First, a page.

YPSILANTI – Megan Moore, an associate professor of anthropology at Eastern Michigan University, will be featured at 8 p.m. Monday, April 8 in the broadcast of Smithsonian Channel’s “America’s Hidden Stories: The General Was Female?”
Moore’s research in human skeletal biology ranges from bioarchaeology of ancient populations in France to forensic and biomedical anthropology of modern Americans.
Her expertise is featured in episode six of Smithsonian Channel’s show, “America’s Hidden Stories,” in which her team solves a big question about sex and gender of General Casimir Pulaski, a Revolutionary War hero.
Pulaski helped save George Washington's life in the Battle of Brandywine. He was known as the "Father of the American Cavalry," but new evidence suggests that the general may not have been male. The show follows a team of anthropologists as they examine the bones found at Pulaski's monument in Savannah and run state-of-the-art DNA tests in order to determine if the officer was female or if someone else was buried in the tomb.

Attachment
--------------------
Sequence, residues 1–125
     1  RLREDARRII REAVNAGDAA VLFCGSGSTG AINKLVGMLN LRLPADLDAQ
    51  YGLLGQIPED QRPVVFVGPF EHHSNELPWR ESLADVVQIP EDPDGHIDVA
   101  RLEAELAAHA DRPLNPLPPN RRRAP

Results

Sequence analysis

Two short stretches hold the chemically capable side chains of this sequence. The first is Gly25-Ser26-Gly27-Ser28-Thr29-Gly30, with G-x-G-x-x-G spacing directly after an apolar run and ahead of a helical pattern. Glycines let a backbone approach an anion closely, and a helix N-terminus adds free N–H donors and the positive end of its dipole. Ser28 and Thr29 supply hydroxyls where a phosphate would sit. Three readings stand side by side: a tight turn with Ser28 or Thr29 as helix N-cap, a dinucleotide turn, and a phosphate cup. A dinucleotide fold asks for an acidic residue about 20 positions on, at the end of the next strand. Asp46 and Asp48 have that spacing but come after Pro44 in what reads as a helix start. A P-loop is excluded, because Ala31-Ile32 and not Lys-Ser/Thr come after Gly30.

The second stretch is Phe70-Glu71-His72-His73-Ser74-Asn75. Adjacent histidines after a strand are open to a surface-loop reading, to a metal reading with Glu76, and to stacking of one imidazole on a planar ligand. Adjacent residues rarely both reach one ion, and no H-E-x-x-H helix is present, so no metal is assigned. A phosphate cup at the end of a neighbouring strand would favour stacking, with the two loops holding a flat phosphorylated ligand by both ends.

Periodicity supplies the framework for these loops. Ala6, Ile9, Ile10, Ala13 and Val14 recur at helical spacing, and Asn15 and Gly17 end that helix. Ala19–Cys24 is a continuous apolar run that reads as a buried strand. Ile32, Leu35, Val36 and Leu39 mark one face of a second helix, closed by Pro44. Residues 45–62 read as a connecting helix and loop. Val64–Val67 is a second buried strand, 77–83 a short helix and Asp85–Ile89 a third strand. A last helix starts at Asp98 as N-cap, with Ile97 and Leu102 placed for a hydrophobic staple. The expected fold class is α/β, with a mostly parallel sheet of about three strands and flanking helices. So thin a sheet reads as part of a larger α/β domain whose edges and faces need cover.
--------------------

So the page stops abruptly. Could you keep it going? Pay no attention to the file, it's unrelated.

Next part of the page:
Moore’s work on the Pulaski case and her exceptional career and teaching were featured last spring in the Eastern Magazine.
About Eastern Michigan University
Founded in 1849, Eastern is the second oldest public university in Michigan. It currently serves more than 18,000 students pursuing undergraduate, graduate, specialist, doctoral and certificate degrees in the arts, sciences and professions. In all, more than 300 majors, minors and concentrations are delivered through the University's Colleges of Arts and Sciences; Business; Education; Health and Human Services; Technology, and its graduate school. EMU is regularly recognized by national publications for its excellence, diversity, and commitment to applied education. For more information about Eastern Michigan University, visit the University's website.